Yes, It's 'Accessible.' You Just Can't Get There.

July 23, 2002

When people speak of having a bad subway day, it is
generally understood that the day in question took place in
the subway.

For Anthony Trocchia, this is not exactly the way it works.

In fact, he explains, having trouble in the subway - on the
subway, dare he dream - would be a kind of minor victory,
something to be savored while stuck in the tunnel.

It was just after 9 a.m. yesterday, and he was explaining
this in a humid corner of the Jamaica Center subway
station, laughing the way people sometimes laugh to
emphasize how thoroughly unfunny something is.

This was because Mr. Trocchia had found himself, once
again, in the role of the subway Moses.

Not to conflate platforms with the promised land, but if
you make your way around New York in a wheelchair, as Mr.
Trocchia does, and you would like to do so in the subway -
using the 38 stations that transit officials have spent
hundreds of thousands of dollars over the last decade to
make accessible for disabled riders - reaching the platform
is the minimum requirement.

Mr. Trocchia would not be able to do that yesterday
morning. He would look down a short staircase and see the
platform stretching out in front of him. He would see the E
train pulling in. Then he would look at the elevator door
in front of him, the one with the ragged red plastic tape
stretched in front of it.

And he would slowly turn his motorized wheelchair around
for a trip back to the street.

"Welcome to my life," he said, "and all its dysfunction."

In the interest of full disclosure, Mr. Trocchia, 33, who
has muscular dystrophy and has been unable to walk since he
was 11, is not just any guy in a wheelchair trying to use
the subway. He is president of an advocacy group, Disabled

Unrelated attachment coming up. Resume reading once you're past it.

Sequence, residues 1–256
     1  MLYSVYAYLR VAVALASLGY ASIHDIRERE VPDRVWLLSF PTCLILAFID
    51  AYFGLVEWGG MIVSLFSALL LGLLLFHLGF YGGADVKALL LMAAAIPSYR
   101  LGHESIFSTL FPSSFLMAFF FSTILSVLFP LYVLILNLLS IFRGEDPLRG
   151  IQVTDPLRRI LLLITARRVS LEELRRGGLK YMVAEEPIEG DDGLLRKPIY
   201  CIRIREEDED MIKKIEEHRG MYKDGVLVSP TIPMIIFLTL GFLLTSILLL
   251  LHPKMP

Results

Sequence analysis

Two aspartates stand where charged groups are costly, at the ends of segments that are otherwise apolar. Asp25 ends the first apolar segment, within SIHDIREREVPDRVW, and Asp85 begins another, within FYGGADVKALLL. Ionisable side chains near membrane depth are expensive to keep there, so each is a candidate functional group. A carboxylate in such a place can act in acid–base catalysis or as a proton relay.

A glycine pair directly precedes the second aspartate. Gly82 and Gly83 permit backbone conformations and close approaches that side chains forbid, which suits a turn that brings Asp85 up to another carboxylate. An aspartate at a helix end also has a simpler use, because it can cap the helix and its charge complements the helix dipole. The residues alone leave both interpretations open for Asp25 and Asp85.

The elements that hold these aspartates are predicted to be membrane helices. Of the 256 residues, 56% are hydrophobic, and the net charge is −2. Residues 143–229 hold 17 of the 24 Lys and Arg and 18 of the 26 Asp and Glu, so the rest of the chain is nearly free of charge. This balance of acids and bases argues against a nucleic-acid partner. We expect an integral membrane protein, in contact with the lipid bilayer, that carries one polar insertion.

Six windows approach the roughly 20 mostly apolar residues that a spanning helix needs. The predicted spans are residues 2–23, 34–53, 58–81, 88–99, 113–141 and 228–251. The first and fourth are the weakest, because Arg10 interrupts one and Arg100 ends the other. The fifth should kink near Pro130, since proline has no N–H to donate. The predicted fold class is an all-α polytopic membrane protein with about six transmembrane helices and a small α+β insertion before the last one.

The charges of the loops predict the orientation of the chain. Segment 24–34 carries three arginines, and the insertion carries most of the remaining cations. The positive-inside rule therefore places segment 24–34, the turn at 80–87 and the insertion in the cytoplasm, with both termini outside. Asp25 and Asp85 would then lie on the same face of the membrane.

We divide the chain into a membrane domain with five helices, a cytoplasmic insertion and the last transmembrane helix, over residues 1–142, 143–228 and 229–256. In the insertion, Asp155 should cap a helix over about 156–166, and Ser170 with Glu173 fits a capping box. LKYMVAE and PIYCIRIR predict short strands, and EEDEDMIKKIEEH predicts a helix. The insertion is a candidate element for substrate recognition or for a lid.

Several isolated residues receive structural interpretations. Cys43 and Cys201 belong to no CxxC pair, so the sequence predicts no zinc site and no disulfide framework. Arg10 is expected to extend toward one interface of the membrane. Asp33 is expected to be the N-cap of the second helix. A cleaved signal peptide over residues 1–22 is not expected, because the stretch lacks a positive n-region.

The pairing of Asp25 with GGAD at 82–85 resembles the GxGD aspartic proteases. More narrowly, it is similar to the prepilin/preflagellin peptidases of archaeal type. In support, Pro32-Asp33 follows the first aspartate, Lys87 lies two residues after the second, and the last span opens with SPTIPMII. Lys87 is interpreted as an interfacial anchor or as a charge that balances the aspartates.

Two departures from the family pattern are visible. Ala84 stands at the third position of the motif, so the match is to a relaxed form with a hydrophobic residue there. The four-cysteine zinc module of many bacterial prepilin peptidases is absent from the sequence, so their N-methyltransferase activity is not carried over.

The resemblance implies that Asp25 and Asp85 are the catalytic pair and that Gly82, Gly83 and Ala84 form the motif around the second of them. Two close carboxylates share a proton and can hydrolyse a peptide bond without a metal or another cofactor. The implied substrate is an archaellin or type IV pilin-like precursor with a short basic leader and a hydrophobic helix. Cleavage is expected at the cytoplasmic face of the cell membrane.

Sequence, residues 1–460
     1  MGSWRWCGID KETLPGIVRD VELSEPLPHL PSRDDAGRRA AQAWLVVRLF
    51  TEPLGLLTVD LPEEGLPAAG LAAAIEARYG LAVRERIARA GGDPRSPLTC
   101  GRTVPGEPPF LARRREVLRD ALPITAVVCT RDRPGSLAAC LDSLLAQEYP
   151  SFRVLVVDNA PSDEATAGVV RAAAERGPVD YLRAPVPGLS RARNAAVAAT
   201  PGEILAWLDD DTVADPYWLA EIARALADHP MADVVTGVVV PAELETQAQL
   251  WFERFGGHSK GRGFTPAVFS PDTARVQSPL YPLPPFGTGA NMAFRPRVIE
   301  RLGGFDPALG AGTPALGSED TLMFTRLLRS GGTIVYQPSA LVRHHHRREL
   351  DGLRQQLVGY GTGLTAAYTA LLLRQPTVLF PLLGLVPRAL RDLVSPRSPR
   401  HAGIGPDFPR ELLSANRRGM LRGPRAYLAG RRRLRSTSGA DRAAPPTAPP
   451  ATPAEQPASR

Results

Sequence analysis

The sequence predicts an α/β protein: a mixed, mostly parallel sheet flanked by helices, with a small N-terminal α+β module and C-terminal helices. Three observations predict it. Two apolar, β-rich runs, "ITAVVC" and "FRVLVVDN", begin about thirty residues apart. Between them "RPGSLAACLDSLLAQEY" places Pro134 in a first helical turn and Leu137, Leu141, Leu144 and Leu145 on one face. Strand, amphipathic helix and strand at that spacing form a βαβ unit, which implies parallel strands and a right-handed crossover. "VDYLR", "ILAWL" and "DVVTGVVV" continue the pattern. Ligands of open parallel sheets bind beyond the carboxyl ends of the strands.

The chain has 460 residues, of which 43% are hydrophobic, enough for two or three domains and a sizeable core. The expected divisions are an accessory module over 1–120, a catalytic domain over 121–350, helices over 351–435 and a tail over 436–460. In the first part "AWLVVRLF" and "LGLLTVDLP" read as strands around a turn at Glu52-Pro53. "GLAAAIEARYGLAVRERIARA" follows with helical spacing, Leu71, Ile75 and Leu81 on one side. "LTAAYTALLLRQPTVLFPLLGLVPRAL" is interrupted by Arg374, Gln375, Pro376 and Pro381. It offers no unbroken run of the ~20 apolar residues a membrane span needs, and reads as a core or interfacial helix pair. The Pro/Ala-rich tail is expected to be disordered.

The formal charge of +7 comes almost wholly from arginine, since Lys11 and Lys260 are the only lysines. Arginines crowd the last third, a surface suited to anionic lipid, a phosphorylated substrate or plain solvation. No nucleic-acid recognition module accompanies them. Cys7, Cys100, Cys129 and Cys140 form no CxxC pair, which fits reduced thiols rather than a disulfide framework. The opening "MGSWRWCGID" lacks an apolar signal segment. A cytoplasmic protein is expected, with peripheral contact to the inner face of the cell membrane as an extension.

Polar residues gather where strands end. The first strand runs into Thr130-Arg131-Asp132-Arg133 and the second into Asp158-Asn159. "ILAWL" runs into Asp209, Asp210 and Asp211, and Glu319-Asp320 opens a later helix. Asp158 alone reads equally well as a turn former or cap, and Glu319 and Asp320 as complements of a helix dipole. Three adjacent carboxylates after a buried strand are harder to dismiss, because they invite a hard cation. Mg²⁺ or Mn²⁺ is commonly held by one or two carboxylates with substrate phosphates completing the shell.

in Action of Metropolitan New York, and he had invited a
reporter to meet him in Jamaica yesterday to explore the
workings, or nonworkings, of the subway from the
perspective of a wheelchair seat.

He had not set out hoping to find dysfunction. In fact, Mr.
Trocchia - who regularly rides city buses and praises how
well they work for passengers in wheelchairs - had chosen
one of the most accessible stretches in the subway, three
stations in a row along the E line in Jamaica.

Before he left his home in Brooklyn, he had called the New
York City Transit hot line that provides information about
broken elevators and had learned that no problems had been
reported at any of the three stations.

And indeed, at Jamaica Center around 9, it seemed as if
things had improved since the last time he had tried, and
failed, to use the subway: The elevator from the street
worked when he pushed the button. (Mr. Trocchia rolled into
it with the caution born of experience. "You never know
what the odor du jour is going to be," he warned.)

But the mezzanine, and the all-too-literal red tape before
the entrance, turned out to be a kind of harbinger for the
rest of the morning.

Stoically patient, cracking jokes in a musical voice, Mr.
Trocchia made his way back to the street and rolled eight
blocks down Archer Avenue to the Sutphin Boulevard station,
which is listed as being wheelchair accessible on New York
City Transit's Web site ( And indeed, in
theory, one might concede that it is accessible, except
that the elevator is in the middle of a construction
project and has been shut down for several months.

Mr. Trocchia began buttonholing employees to see if they
knew of another elevator, but his question was met mostly
with blank stares. A helpful New York State Police officer
offered to get a partner and carry the wheelchair down the
stairs, until he was told that it weighed 300 pounds. "Oh,"
he said, and then added, when asked about the elevator
situation: "I have no official comment."

Mr. Trocchia rolled on. ("Thank God for Paxil," he said.)

His last attempt was made at the Jamaica-Van Wyck Station,
where the elevator was working, but the button at street
level was not. Mr. Trocchia waited for the elevator to be
brought up from the mezzanine, where the button did work.
But upon reaching the platform - at 10:20, more than an
hour after he started trying to take the subway - he was
finally defeated by the obstacle he had known he would

When E trains arrived, their thresholds were about 4 inches
higher than the platform, making it virtually impossible
for Mr. Trocchia to enter the train without his chair
flipping over backward. A platform riser, which has been
installed in some other accessible stations, was absent at
Van Wyck, meaning that the elevator did little more than
provide a sightseeing trip to the platform.

Mr. Trocchia, smiling a little sarcastically, mentioned
that an elevator was scheduled to be installed in the
subway station nearest his home in Williamsburg.

"I think it's supposed to be done in 2012," he said, his
smile widening. "I guess I'll put my plans on hold until